The Civil Rights Movement: Dr. Martin Luther King Jr.

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The Civil Rights Movement began in the mid 1950’s and over the course of it the mindset of the people had changed. In the beginning the movement lead by MLK was positive, non-violent, and about togetherness of the two races but then it took a turn for a more violent and black nationalism movement when Malcolm X took fire. Although both movements were for the people they were extremely different in obtaining them. MLK appealed and had the support there of the southern blacks, the federal governments, and whites because of the peaceful roots in his actions. Along with non-violence Dr. King adopted the method of civil disobedience. Civil disobedience took shape in the forms of sit ins, marches, speeches, rallies, and boycotts. Everyone that didn 't…show more content…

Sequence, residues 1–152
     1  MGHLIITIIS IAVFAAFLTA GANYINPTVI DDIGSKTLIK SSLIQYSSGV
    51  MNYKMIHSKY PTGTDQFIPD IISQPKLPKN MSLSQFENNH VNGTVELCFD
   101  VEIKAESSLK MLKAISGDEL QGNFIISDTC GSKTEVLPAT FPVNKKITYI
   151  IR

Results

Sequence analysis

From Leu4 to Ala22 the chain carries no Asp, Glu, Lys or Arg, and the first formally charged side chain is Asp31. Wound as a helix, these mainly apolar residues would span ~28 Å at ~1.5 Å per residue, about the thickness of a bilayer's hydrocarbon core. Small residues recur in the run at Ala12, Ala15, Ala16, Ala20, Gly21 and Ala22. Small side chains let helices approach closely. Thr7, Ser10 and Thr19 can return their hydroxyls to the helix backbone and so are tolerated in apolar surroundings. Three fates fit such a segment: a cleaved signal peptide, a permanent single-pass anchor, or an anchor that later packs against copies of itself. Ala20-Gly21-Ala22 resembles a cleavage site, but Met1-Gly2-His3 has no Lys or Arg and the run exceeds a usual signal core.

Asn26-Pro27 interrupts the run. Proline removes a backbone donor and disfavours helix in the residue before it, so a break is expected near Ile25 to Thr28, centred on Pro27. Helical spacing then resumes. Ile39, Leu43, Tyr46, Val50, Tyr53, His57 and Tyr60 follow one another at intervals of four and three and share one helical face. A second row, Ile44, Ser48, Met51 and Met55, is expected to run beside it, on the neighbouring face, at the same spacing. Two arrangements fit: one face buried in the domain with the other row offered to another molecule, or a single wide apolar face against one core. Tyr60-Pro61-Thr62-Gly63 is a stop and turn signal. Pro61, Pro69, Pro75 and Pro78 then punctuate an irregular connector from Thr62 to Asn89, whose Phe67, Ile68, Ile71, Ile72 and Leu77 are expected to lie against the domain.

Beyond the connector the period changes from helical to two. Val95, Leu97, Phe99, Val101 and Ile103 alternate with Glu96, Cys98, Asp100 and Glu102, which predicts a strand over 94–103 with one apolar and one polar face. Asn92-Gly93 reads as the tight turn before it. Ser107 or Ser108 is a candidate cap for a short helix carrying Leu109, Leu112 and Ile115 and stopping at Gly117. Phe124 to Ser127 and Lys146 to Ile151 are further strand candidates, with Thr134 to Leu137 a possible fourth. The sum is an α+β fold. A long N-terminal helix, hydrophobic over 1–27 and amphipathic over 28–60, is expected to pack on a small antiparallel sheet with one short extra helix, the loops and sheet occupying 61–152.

Martin Luther King jr. lead the people in the fight for civil rights. He believed in integration of all races and wanted equality for him and his people. He wanted the right to vote for all blacks because he knew that that right would give the people a voice in a country they could call their own. One of King’s most memorable and impactful boycotts was the one that took place after Rosa Parks’ decision to stay seated at the front of a city bus. This boycott was known as the Montgomery bus boycott and it was protesting the racial segregation of public transportation. Lasting over a year, the boycott resulted in the desegregation of the buses and the freedom to sit where you please for all races. Marches were another form of peaceful protest done by Dr. King and his people that helped their cause. Possibly the most influential march held was the March on Washington of 1963. This march was protesting the discrimination black americans faced when looking for work. Over 250,000 black and white protestors stood in front of the washington monument in efforts to gain equal pay and job opportunity. At this march Dr. King gave his most memorable speech known as his “I have a Dream” speech in which he called for the end of racism. This event sent shockwaves throughout the country and brought light to the racism that lived within it and affected the minds of millions. King’s speech lead to the passing of the Civil Rights Act of 1964 which gave blacks the right to vote and the restriction to discriminate someone for a job based off of their race. MLK’s non-violent methods gave the civil rights movement tremendous momentum towards the freedom and equality for all races in the United
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